The greatest challenge is stating the problem in a way that will allow a solution.

Monday, September 3, 2018

Eliane Elias - Chega De Saudade





  
Eliane Elias - Chega De Saudade













Sunday, September 2, 2018

The secret of change is to focus all of your energy, not on fighting the old, but on building the new.

- Socrates



"What saves a man is to take a step. Then another step."

- C. S. Lewis   




The greatest challenge is stating the problem in a way that will allow a solution.













Saturday, September 1, 2018

Adaptation of the Serenity Prayer for ADHD : The insight to prioritize wisely what I want to change



Serenity Prayer: for ADHD


Dr. Edward Hallowell’s adaptation of the Serenity Prayer:

God grant me the serenity to accept the things I cannot change;

The insight to prioritize wisely what I want to change;

The patience to resist trying to control everything I could, had I the energy and time;

The courage and skill to change the things I have chosen to change;

And the wisdom to know the differences among all these.

 


Link: https://marlacummins.com/change-how-you-think-about-your-adhd/

The AJ Pedaler - Victoria, British Columbia



 









The AJ Pedaler
Medical Equipment Manufacturer in

Victoria, British Columbia

  

 
The AJ Pedaler 



Link: https://www.facebook.com/extremerhinoceros/



Posted By: Veronica Cooperon: September 01, 2018In: News, Vital People

10 year old Mercy receives her pedal-powered wheelchair, 

the AJ Pedaler

Posted By: Veronica Cooperon: September 01, 2018In: News, Vital People


This is an exciting day for 10-year-old Mercy, and her mom, Michelle Hobby. Mercy has developmental challengs, and is not physically able to walk.  
 
Michelle is a physical therapist, and one day, while she was at work, fate stepped in.  

“Alf turned up at my work one day,” says Michelle. 

‘Alf’ is Alf Todd, who has Parkinson’s disease, and has invented, along with Jeff Lewis, a pedal-powered wheelchair.  
 

 Todd envisioned having a wheelchair he could pedal, because while there are many days when he can barely get out of bed, he’s always been able to get on his bicycle and ride even 20 or 30 kilometers.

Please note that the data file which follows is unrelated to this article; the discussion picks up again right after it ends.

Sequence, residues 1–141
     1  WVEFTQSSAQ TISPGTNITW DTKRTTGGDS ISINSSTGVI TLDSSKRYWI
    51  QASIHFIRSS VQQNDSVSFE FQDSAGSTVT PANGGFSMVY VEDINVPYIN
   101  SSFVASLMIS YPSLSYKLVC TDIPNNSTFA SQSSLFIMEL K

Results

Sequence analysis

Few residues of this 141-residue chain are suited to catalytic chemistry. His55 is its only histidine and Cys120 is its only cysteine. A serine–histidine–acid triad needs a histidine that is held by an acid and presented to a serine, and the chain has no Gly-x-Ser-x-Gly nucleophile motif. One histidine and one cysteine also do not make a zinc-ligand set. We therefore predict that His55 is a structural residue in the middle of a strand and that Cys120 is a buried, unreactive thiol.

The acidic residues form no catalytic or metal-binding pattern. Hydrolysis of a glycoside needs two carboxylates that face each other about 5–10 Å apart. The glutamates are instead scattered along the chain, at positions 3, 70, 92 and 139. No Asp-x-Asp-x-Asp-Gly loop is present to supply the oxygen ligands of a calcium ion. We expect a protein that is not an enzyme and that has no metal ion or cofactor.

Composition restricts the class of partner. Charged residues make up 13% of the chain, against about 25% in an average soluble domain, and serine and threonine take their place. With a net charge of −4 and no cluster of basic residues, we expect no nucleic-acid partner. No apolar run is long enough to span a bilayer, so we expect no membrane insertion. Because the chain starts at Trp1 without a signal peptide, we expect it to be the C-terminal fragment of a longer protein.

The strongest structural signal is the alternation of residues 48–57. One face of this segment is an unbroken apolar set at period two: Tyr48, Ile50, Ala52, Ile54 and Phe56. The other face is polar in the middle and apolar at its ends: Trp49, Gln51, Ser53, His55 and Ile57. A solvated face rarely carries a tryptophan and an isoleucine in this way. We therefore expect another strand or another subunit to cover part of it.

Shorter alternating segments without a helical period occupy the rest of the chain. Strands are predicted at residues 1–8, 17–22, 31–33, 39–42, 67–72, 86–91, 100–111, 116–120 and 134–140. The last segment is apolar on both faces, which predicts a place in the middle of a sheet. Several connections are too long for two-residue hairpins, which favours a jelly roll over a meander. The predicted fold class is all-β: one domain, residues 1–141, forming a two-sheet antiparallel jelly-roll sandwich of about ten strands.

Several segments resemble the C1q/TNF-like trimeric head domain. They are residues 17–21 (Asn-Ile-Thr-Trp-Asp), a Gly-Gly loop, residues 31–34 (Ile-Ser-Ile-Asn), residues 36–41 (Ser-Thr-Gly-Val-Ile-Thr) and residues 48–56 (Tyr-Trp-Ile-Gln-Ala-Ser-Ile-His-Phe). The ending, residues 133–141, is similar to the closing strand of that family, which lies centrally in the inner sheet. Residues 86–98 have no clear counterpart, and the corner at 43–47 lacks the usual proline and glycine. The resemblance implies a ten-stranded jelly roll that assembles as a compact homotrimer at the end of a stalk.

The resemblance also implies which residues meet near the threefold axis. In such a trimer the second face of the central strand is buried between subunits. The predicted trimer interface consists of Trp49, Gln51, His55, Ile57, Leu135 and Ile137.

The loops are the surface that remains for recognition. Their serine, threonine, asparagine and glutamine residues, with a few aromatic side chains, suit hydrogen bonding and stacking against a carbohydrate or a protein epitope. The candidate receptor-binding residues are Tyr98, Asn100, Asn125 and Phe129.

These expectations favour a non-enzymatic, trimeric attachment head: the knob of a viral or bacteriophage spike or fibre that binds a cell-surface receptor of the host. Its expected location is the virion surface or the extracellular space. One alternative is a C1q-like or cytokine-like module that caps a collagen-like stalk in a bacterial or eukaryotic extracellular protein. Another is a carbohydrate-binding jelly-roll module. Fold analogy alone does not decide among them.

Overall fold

And so he and Lewis invented the “AJ Pedaler”, which is powered by pedals, and steered by handles, thereby exercising all four limbs. 

 “It’s a wonderful invention,” says Michelle, “and I think it will be really great for people with different levels of ability!” Including her dear daughter. “She’ll be able to take this with her assistant, and she’ll be able to go around the playgrounds. 

So for her, that’s great for her heart, and her lungs, and for her bones and her muscles. It’s also great for her mind because she’s able to integrate with the other kids, and that’s awesome!”  

The presentation of Mercy’s new wheels is an emotional day for Todd. “It’s pretty special. We’ve worked hard to get this ready for her. She’s a very special child, and it’s just going to be great therapy for her, and it’s just great watching her.

Lewis heartily agrees. “I can’t say enough about how exciting it was to actually watch her pedal the chair. We didn’t know if she was actually going to be able to, but she pedaled it! 

 This is her first time actually pedaling a bike, and she’s ten! She’s never pedaled a bike, period. So this is fabulous. Her mom was in tears. It was a pretty emotional thing.” 

Hobby wants the two men to know how grateful she is, both for their invention, and the fact that they have given Mercy her AJ Pedaler for free.

Todd thinks back to all the times he rode his bicycle, and longed not to then sit in a wheelchair. “It’s a vision of mine that I’m seeing fulfilled and I just feel so blessed to be a part of it. 

And we look forward to doing many more similar Pedalers for other people with disabilities. Strokes, Parkinsons, whatever… there’s such a broad spectrum of uses for it.” 

This is an exciting day for 10-year-old Mercy, and her mom, Michelle Hobby. 

Mercy has developmental challengs, and is not physically able to walk. “I was trying to think of a way to allow Mercy to be able to exercise,” says Hobby. Michelle is a physical therapist, and one day, while she was at work, fate stepped in. 

 “Alf turned up at my work one day,” says Michelle. ‘Alf’ is Alf Todd, who has Parkinson’s disease, and has invented, along with Jeff Lewis, a pedal-powered wheelchair.